In the past few years, just about every cash-strapped airline has amended its "contract of carriage" to try to change the definition of Rule 240. Still, in practice, airlines continue to reluctantly use it — to our advantage — every day. They reluctantly use it because of financial realities — to endorse a ticket over to another carrier also means the airline loses that revenue.
It's really an issue of semantics and interpretation. I'm here to tell you Rule 240 does exist. In fact, in the last few weeks, I've used the rule twice when flights were delayed — and it worked like a charm. But more on that later.
On the official level, this is what airlines now say they will do in the event of a delay or cancellation:
United Airlines changed its language to say that in the event of a delay or cancellation, it would still fly you on a competitor, but not necessarily in the same class of service as on your original United flight. Delta still has a Rule 240 in its contract of carriage, but conveniently omits the section in which it used to say it wold fly you on another carrier in the event of a "flight irregularity." American only promises to get you out on one of its own flights. Alaska and Northwest airlines have stayed with most of the original paragraph 240 language.
So, the real bottom line here is that while no one airline is legally mandated to follow Rule 240, many of them do — if they want to. And the real key is that you have to ask — not demand — and in many cases, you'll be accommodated.
Having said all this, is Rule 240 a myth? An urban legend? Hardly. A month ago, I was trying to fly from St. Thomas to New York en route to Los Angeles. The originating flight was running about three hours late, which meant I would miss my connection in New York. I asked the airline — in this case, American — to "240" me. And without hesitation, the agent did just that — routing me from St. Thomas to San Juan and then on the airline's nonstop flight to Los Angeles. Piece of cake.
And as recently as three days ago, I was trying to get to Denver from the East Coast. After checking in for my United flight, I watched both the departure and arrival boards with growing concern. The aircraft taking me to Denver was actually coming from Denver, and while the departure board showed an on-time departure for Denver, the arrivals board told a different story — at least a two-and-a-half-hour delay. I asked the United agent for the real story on the incoming aircraft. He told me that the plane had left the gate at Denver, but then turned around and went back to the gate. "Seems there's a mechanical," he said. I quickly looked up at the departure board and noticed that Frontier had a flight leaving for Denver in 20 minutes. I hadn't checked any bags. I asked if he could "240" me over to the Frontier flight, and within about two minutes he handed me an e-ticket receipt and told me to race to the Frontier gate, where the counter agent honored the ticket and off I went.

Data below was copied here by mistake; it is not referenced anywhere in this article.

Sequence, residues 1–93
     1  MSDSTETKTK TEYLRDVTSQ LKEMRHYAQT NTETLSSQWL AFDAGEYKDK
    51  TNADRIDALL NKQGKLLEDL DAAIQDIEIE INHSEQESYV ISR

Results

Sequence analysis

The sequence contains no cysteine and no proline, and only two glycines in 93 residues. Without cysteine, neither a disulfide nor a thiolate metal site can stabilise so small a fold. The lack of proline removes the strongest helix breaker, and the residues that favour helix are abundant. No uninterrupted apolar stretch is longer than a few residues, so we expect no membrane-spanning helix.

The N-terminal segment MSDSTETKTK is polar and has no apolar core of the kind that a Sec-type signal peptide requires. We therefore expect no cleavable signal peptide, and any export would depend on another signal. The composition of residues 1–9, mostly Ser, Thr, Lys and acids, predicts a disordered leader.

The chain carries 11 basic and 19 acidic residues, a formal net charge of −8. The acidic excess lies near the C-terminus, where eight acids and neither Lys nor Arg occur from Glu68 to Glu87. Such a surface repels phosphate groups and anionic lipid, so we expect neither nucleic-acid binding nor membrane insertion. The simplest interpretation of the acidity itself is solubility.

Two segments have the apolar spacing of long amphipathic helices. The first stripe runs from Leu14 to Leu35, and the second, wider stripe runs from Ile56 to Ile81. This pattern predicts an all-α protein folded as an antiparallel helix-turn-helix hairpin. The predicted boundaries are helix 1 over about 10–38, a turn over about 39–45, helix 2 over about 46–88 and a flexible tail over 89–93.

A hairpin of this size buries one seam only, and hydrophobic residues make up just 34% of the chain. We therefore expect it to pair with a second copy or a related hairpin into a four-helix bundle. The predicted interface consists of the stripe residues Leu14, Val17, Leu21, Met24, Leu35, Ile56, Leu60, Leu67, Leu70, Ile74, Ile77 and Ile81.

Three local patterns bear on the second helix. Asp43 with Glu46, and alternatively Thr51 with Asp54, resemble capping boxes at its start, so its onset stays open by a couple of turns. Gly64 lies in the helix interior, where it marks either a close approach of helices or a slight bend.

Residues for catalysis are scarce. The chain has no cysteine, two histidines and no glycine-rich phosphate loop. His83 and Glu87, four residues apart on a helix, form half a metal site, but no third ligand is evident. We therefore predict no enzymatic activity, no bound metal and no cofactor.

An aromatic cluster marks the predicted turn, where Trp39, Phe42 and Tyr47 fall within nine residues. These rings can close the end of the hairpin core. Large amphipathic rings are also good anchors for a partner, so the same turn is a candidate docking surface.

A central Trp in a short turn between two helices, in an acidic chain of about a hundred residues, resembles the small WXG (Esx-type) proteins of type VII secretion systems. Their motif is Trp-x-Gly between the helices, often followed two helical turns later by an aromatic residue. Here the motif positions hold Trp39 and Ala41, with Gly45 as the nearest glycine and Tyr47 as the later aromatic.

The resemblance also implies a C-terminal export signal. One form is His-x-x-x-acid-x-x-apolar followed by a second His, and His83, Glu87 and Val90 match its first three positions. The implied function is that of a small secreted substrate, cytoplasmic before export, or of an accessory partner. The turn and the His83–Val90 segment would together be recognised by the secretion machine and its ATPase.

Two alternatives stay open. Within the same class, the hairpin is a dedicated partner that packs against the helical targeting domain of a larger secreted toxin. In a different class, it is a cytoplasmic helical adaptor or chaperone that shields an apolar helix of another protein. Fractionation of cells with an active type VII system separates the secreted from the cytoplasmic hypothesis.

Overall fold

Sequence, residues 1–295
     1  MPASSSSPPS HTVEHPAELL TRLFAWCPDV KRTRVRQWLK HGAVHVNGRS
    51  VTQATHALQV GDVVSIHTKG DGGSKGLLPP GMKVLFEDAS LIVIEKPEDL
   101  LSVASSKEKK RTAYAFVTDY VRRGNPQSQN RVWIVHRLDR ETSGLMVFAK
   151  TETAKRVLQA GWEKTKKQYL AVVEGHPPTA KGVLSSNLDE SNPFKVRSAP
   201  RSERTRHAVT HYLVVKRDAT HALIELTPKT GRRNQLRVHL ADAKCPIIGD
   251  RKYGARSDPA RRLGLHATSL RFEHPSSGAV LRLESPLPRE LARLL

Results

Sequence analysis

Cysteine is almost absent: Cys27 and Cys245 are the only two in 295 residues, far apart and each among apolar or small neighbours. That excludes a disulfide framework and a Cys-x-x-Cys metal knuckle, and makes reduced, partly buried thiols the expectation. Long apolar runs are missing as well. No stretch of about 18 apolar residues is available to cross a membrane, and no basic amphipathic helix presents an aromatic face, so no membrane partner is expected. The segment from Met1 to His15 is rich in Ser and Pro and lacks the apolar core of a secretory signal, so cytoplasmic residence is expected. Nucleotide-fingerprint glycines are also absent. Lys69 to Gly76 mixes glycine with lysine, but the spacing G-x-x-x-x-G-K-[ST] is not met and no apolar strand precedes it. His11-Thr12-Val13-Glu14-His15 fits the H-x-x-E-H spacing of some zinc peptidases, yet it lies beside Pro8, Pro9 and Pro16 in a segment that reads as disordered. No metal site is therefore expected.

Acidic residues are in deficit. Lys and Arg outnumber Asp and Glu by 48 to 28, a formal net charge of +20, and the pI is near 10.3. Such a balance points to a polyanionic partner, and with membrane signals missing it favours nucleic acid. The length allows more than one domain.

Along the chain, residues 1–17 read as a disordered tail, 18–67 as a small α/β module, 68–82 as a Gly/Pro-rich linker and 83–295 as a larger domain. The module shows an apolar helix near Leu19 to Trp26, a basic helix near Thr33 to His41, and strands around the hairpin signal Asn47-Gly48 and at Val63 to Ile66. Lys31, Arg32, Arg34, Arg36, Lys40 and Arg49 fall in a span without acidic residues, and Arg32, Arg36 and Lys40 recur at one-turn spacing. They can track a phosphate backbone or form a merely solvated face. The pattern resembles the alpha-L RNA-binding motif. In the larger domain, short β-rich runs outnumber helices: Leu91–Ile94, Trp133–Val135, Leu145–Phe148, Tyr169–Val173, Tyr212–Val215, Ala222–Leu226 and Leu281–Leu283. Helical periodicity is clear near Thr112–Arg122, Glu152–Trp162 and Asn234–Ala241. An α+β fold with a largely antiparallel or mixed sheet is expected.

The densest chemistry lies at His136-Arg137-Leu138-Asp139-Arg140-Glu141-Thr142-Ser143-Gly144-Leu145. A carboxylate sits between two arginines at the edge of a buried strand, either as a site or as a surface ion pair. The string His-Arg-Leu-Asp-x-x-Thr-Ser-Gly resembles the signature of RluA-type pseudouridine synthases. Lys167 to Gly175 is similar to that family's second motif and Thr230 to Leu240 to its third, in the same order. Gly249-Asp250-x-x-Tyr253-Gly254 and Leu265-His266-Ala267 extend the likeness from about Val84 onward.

So, for those of you who insist that 240 doesn't exist, I have to differ. It does exist, it does get implemented. Maybe not always in a friendly manner, maybe not always volunteered by the offending airline — but that's not the point. Gate and counter agents still have the discretion — and more often than not, the power — to invoke Rule 240 and help passengers when a flight is delayed or canceled by anything other than weather. The only real change? You can't demand to invoke Rule 240 because it's no longer a rule. But you can ask. And people do that successfully every day. So perhaps the most important rule to remember here about 240: If you don't ask, you don't get ....
Peter Greenberg is TODAY’s Travel editor. His column appears weekly on TODAYshow.com. Visit his Web site at PeterGreenberg.com.